What do the lions at the zoo have to do you with your EAL class?
Not much—unless you’re in the know about killer online EAL resources.
All it takes is an internet connection and a little creativity to get your students roaring to learn and speak English.
You can create incredible out-of-the-box learning opportunities for your classroom with just a few clicks, including everything from cartoon spelling bees to custom worksheets to, yes, even a live-stream of the zoo, as you’ll see later in this post.
So get ready to start bookmarking some amazing websites.
Let’s explore some of the best EAL resources that the internet has to offer your classroom.
Why Online EAL Resources Are Essential
With online EAL resources, you don’t just get new materials for your classroom. You get access to a wide variety of different materials, which is crucial for successful EAL education.
Think about it. Online EAL resources are accessible instantly and many of them are free. In the time it takes you to eat lunch, you can find resources designed by institutions and educators from around the world, with all different types of goals and interests, and catering to many different learning levels. (We’ll show you plenty later in this post.)
Why’s that important?
Most obviously, having a variety of EAL resources handy will help keep your students engaged. For example, one minute they could be listening to English via video or reading an English blog, and the next minute applying what they’ve just learned in an interactive online quiz. This pushes comprehension levels to the max.
Plus, think about how your students spend their time outside of the classroom. Many of them are already watching online videos in English, following well known English speakers on social media and listening to English pop music.
They’re getting their English from all types of online sources; you want to build on this positive engagement, not dampen it with the same old worksheets and textbooks every lesson.
Some of your students may also have some background in English grammar from previous classes. Providing a variety of online EAL resources allows students to use what they’ve already learned in new ways. Variety keeps them on their toes and produces interactive challenges in real time.
What to Look For in EAL Resources
Here are some important qualities to look for as you’re searching for resources online:
- Interactivity. Online EAL resources often come with quizzes, games or memory tools built in, which will help students retain and apply what they’ve learned.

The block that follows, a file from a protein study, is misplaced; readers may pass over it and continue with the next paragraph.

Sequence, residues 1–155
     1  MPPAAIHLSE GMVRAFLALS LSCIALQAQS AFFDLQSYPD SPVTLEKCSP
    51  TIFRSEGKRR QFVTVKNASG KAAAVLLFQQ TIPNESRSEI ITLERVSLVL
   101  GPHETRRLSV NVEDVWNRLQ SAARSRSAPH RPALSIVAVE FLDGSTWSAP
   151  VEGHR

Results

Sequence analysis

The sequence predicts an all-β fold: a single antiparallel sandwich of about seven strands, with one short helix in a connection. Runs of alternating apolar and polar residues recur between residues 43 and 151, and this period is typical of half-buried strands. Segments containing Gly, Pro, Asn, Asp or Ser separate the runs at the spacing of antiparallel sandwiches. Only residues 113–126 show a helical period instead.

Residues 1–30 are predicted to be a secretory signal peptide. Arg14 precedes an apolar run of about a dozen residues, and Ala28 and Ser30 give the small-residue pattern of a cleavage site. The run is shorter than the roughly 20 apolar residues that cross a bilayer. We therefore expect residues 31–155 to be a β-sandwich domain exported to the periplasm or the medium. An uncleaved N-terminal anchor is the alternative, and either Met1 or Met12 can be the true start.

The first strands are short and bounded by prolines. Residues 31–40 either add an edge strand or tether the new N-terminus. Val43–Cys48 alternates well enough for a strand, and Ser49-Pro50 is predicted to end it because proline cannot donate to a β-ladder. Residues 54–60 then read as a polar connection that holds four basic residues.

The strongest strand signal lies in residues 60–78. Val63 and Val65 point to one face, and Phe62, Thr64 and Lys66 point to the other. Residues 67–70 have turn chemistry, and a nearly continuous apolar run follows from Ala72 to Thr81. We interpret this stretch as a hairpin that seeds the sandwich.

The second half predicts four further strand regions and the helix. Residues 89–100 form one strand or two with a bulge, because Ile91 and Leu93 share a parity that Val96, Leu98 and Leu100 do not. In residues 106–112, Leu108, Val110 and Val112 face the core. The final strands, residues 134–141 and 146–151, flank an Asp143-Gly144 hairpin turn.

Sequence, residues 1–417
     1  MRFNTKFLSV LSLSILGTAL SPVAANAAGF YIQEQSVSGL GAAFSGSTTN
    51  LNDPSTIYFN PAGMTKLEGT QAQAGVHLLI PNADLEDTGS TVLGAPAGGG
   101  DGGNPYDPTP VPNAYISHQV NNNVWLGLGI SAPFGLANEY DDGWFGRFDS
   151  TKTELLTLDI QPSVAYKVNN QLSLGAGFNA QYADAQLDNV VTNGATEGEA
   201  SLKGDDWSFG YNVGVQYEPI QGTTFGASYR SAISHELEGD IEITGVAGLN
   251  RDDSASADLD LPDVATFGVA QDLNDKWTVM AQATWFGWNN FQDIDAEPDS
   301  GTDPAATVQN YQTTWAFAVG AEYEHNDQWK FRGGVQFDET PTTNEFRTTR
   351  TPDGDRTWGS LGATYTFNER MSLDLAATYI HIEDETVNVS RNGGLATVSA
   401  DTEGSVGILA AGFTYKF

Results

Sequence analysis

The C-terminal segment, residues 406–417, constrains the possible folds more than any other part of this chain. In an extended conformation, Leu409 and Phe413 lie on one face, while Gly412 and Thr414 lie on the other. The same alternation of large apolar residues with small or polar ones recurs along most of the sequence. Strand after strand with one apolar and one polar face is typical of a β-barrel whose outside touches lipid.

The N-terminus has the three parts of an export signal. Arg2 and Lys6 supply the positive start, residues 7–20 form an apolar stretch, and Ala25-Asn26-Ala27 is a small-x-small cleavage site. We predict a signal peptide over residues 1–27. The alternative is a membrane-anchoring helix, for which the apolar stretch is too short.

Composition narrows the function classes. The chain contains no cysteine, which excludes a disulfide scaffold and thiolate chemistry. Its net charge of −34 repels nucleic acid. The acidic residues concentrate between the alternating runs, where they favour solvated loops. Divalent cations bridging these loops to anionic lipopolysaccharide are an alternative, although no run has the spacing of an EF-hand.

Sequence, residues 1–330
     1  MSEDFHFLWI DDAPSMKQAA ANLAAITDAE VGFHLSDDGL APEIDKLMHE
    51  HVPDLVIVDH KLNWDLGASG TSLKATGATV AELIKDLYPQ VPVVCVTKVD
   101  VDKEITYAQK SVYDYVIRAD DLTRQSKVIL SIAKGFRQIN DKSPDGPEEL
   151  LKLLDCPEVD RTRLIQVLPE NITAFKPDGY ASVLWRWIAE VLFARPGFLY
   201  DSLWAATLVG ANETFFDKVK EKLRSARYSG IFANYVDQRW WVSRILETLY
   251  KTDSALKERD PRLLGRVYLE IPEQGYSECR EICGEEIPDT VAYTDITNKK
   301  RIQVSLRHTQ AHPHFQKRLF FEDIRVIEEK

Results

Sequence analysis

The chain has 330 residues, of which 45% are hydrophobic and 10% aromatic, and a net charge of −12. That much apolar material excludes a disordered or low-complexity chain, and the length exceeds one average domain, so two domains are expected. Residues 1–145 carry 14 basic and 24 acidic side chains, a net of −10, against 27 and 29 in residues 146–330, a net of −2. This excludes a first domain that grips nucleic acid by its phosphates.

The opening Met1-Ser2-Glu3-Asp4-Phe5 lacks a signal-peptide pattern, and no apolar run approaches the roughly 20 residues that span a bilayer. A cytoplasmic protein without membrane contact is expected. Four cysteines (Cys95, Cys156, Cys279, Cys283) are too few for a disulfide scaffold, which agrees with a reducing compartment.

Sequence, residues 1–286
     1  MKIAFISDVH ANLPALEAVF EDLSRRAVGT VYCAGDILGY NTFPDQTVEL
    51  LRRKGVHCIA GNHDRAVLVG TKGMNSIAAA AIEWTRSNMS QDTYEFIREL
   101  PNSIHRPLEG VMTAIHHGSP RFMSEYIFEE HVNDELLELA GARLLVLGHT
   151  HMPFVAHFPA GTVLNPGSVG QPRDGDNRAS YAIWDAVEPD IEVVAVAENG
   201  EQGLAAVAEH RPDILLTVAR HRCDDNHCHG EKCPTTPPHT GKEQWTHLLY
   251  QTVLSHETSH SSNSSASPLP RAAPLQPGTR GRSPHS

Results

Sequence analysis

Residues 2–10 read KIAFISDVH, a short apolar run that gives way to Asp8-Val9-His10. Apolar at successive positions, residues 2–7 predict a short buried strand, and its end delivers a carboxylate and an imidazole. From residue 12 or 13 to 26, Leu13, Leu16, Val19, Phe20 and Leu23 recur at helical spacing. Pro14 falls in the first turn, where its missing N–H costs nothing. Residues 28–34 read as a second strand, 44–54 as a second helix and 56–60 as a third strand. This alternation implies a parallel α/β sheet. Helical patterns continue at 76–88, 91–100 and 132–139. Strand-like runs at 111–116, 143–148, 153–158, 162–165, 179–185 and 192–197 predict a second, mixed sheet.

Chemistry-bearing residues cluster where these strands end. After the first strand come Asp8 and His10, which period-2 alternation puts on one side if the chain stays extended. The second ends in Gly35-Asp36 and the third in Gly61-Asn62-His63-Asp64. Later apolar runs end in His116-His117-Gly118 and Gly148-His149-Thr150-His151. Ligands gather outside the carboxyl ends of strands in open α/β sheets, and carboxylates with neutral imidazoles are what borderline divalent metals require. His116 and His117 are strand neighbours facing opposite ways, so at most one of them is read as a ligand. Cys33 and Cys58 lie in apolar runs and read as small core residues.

- Real-world relevance. Try to mix it up with resources that are relevant to current events and pop culture. This is the easiest way to cure “when will we ever use this?” syndrome.
- Communication opportunities. When gathering new resources for class, it can be easy to stock up on reading and listening materials, but more difficult to find materials that spark communication and conversation. And of course, that’s what your students ultimately need to be able to do: communicate in English!
Some resources come with speaking or writing activities built in, but you should also consider how other EAL resources can be used as prompts for presentations or debates.
8 Online EAL Resources Every Teacher Needs to Bookmark
Smithsonian Kids is one of the best online EAL resources out there due to the sheer variety of materials. No matter what your students are interested in, there will likely be something to engage them on this site. Plus, you’ll have the opportunity to develop your lesson plan around a wide range of real-world topics.
You’ll find everything from an arctic wildlife portfolio to a geography from space quiz to a jazz mixing board. Certainly a little something to get every student interacting with English in a way that interests them.
One of the most exciting resources for young students is the Animal Cams section. You and your class can get a front row seat to the panda, lion and elephant exhibits at the Smithsonian’s National Zoo!
From there, you and your class can have group discussions about what the animals are doing in real time. It’s a great way to practice using new English verbs. (Just keep in mind that sometimes the animals are a bit camera shy, so you won’t want to devote a huge chunk of your lesson to this activity.)
Another advantage of Smithsonian Kids is that there’s a sister site geared specifically to students. This is a great place for you to begin your browsing, especially for interactive resources in English like this fun trivia game.
2. EAL Nexus
The British Council’s EAL Nexus website offers a number of engaging EAL resources you can draw from when crafting the perfect lesson plan for your students. It’s geared specifically for teachers and jam-packed with effective lesson-building tools.
You’ll find 22 pages of fantastic resources that you can use in the classroom as-is or develop your own unique lesson plan around. That may seem like a lot of resources to browse through. However, you can filter the resources on this site to match the particular needs of your classroom. On the search page, select the age group, language level, language skills you want to target and more.
Plus, there are also support channels for teachers to learn more about honing their own skills.